This Christmas, I did what most young adults are doing.
I fragged an iMac.
Okay, I was able to fix it, but it was a heart-pounding few hours making sure that I could. I was trying to install Windows XP via Boot Camp, and without going into too many details, I formatted the entire hard drive.
Thankfully I had the wherewithal to backup all of my files first. But it wasn't as simple as insert boot-disk-and-reload-operating-system. No, because when I booted up the computer, no matter what disk was in it, it informed me that there was nothing bootable anywhere to be found.
Well, with the Mac OS-X disk I was able to get to the install screen (but only after specifically telling the computer to boot from the disk), and then I thought I was home free, but the installer couldn't find the hard drive.
So, I fired up the Disk Utility. It could see the disk, I just couldn't read it. Nor would it erase, repair, or partition said disk. So I spent two hours messing with it until I finally realized that it would work if I unmounted the disk first, then erased it.
And then it was a question of re-installing everything and getting my preferences back the way I like them. So I lugged it into the living room and managed to get it all more-or-less up to speed by the end of the third episode of Band of Brothers.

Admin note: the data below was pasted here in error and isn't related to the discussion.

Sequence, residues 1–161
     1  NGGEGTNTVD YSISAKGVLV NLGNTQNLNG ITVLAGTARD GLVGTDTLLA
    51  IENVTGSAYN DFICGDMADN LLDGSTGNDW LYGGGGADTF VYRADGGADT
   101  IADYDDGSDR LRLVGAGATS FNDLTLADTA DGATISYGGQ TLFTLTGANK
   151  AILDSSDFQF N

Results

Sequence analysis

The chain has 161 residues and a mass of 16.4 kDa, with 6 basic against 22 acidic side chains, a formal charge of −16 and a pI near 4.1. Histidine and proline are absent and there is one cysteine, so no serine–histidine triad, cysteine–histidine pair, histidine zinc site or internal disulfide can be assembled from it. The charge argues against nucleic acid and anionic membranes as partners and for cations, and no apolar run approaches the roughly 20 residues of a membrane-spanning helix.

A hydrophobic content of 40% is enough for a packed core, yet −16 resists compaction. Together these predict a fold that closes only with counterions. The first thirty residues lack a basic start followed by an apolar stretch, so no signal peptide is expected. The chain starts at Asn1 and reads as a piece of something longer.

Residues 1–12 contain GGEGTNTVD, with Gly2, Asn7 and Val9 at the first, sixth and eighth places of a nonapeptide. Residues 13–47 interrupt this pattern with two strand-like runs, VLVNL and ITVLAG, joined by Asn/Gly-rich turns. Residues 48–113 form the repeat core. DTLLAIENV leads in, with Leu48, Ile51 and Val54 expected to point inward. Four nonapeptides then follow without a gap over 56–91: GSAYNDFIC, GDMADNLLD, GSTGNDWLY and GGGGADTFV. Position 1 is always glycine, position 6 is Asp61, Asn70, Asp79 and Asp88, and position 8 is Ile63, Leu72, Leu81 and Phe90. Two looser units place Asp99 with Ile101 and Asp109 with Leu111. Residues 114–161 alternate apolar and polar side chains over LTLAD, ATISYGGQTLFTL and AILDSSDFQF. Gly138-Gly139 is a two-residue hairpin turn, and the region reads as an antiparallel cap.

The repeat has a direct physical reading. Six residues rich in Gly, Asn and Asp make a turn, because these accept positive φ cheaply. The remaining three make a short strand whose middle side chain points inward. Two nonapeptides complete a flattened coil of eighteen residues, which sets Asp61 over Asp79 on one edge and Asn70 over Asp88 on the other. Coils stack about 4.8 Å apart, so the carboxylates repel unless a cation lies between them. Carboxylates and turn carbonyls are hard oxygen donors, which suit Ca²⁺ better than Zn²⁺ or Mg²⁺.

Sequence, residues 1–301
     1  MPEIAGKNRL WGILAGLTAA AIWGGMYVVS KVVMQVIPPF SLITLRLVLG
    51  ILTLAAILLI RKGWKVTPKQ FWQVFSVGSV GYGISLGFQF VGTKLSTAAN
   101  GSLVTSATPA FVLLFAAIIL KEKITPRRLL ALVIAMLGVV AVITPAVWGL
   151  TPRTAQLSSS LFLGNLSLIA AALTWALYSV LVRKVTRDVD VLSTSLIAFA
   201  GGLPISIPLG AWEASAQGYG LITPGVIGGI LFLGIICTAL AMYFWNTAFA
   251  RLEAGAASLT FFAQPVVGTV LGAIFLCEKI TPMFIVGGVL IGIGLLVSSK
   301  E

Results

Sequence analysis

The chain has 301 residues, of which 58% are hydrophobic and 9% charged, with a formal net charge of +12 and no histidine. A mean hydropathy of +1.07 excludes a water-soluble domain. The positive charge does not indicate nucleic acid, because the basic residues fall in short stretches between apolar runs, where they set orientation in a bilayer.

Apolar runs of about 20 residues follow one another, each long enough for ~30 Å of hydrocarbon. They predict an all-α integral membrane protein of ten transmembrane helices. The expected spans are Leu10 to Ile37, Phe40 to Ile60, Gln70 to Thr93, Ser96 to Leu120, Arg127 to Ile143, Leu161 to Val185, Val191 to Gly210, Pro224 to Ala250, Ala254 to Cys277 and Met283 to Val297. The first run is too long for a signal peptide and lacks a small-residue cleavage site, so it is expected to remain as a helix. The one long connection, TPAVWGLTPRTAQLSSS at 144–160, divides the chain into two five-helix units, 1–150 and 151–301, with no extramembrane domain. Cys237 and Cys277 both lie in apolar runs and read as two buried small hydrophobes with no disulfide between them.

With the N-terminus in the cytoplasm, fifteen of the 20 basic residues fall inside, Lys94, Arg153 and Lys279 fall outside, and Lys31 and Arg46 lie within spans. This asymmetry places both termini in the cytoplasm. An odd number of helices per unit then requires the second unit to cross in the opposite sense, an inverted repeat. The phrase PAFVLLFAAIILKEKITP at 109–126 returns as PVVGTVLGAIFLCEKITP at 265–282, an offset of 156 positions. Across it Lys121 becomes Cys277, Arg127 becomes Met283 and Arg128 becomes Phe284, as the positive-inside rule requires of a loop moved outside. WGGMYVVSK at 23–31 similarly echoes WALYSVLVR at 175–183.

I attempted to install XP via Boot Camp once more, but this time I checked out the instructions. In my defense, if everything had worked properly the first time, I would have done it right and not lost the entire machine, but it turns out that the only thing the XP installer could see was the entire partition, rather than the 32G virtual partition Boot Camp had set up.
So I ran some updates and we'll see if that fixes it. Unfortunately, attempting to install (even if you Quit at the beginning of the process) makes the machine automatically try to boot from that program, whether it exists or not. Which brings back the "No bootable devices" screen. Nothing freaks you out like plain white type on a black screen. Thankfully, since the machine did have an operating system on it this time, the problem was fixed in about eighteen seconds using the Startup Utility.
So, I now know a great deal more about how iMacs work behind-the-scenes than I ever thought I would--which sort of defeats the purpose of getting an iMac, but whatever.
Bonus - while writing this post, Abby came into the room to get something and instinctively flipped the light switch as she left. The light switch controls the outlet this computer is currently plugged into. Thank god for autosave.